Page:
The Hauraki Gulf Forum welcomes today’s announcement of the Government’s long-awaited response to the Sea Change Tai Timu Tai Pari plan for the Hauraki Gulf.
“Proposed new marine protected areas and changes to bottom-impact fishing, if implemented, would represent the most positive change for the Gulf in a generation,” says Hauraki Gulf Forum co-chair Pippa Coom.
The Hauraki Gulf Forum notes that the Government has largely stuck with the 2016 consensus established in the Sea Change plan. However, iwi, hapū and community ambition has increased significantly in the five years since it was written.
“We call on the Government to ensure that the plan is inclusive,” says Coom.
“In many areas of the Hauraki Gulf there are new, bold plans for marine protection and restoration led by and in partnership with mana whenua.
“It is important that the Government’s Sea Change response creates a mechanism by which existing proposals can be upgraded, and new proposals considered.”
The Government’s response, if implemented, would raise the area of the Hauraki Gulf Marine Park that is fully protected to about five per cent from less than one per cent at present.
Another area where the Forum urges more ambition is fully protecting the seafloor of the Marine Park from destructive fishing methods. While the Government’s plan is to be commended for further restricting such activity, some areas will remain at risk, Coom says.
“The Forum’s position is clear: bottom-impact fishing methods like dredging and trawling should be removed from the entire Marine Park,” she says.
“A healthy seafloor underpins the whole ecosystem.”
The release of the Government’s response strategy to Sea Change comes after nearly a decade of work by so many to draft, agree, and move forward the marine spatial plan, says Coom.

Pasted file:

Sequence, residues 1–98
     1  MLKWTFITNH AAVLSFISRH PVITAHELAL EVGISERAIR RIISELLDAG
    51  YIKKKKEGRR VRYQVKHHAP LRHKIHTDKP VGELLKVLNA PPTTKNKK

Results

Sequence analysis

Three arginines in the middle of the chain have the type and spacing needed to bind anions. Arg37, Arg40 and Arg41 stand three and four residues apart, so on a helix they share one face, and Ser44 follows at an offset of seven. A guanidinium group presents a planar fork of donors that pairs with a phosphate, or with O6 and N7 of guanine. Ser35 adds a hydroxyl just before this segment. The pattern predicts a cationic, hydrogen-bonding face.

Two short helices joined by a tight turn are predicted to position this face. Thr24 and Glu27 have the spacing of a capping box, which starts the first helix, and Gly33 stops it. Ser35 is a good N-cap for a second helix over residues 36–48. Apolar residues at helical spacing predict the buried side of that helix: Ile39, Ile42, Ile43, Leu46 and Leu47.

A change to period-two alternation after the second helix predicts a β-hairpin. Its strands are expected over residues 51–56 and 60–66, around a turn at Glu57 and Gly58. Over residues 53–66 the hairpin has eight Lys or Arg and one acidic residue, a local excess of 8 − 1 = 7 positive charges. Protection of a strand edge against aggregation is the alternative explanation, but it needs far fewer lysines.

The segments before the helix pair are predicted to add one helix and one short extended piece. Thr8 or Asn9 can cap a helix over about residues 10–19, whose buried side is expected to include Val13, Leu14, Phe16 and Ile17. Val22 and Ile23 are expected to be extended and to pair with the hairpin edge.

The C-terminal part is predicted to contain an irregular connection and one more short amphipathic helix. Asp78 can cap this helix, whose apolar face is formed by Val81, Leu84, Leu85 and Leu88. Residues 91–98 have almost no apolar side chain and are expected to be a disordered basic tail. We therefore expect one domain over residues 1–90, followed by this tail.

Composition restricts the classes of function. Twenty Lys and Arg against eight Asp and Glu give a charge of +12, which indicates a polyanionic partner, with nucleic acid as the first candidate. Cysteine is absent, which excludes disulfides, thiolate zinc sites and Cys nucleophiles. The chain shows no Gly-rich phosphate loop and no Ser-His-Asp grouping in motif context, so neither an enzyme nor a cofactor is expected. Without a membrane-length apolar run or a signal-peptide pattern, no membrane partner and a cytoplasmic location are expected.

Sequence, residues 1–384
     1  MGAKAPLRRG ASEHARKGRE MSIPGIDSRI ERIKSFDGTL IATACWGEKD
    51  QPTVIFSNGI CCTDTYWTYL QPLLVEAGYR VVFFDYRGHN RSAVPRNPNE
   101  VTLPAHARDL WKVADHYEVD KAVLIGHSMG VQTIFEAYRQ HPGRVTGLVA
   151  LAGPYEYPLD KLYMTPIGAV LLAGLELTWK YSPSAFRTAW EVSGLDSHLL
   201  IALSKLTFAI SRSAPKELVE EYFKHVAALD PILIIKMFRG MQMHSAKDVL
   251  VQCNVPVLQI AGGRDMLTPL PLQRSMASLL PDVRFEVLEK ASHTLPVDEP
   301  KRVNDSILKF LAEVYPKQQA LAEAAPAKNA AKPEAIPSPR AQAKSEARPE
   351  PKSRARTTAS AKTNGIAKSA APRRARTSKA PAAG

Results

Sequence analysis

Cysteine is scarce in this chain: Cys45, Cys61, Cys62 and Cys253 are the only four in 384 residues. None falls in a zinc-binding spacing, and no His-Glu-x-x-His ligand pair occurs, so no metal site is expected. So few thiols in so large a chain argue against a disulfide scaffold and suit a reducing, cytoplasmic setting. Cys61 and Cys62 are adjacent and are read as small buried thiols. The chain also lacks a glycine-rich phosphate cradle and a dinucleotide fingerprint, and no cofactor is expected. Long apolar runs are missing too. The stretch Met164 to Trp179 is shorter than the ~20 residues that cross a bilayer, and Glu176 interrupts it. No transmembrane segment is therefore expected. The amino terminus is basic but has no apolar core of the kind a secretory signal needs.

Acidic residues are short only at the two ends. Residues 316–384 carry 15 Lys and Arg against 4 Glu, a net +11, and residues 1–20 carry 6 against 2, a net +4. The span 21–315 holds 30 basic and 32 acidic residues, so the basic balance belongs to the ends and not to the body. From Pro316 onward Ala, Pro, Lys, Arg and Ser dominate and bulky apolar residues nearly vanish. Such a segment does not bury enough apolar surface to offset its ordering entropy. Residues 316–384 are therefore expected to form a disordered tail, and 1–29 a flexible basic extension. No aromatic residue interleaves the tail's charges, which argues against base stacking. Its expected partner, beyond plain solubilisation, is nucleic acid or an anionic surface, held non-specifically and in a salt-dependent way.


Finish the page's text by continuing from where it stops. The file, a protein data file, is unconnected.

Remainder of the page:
“The Hauraki Gulf Forum pays tribute to all those, past and present who have helped bring us to this point today.”
Forest & Bird: A step towards restoring Hauraki Gulf
The Government needs to be more ambitious with its plans to restore the Hauraki Gulf back to the thriving ocean ecosystem it was only a few generations ago, says Forest & Bird CE Kevin Hague.
“The Minister of Oceans and Fisheries David Parker and the Minister of Conservation Ayesha Verrall deserve credit for getting us this far and there are good proposals here, but if we want to bring back healthy ecosystems and abundant marine life we need to go further,” says Hague.
“Around 20 per cent of the world’s seabird species have been recorded in the wider Gulf, and almost a third of Aotearoa New Zealand’s seabirds breed there. This is an incredibly important place.
“The severity of the degradation of the Gulf means we need to be ambitious and determined to restore its health. It’s within our reach to bring back the health of the Gulf, but this plan at it stands is unlikely to get us there.
“The big gaps in the Hauraki Gulf plan are around bottom trawling and dredging, run-off, and marine protected areas.
“Fishing methods that harm the seabed, like bottom trawling, must end entirely. Wherever they occur, they devastate the marine ecosystem.
“We have seen no provisions in the strategy for ending the polluting run-off from the Firth of Thames and from Auckland City. Every time it rains, sewage, heavy metals, sediment and mud flow into the Gulf, making it unswimmable for humans and harmful to wildlife.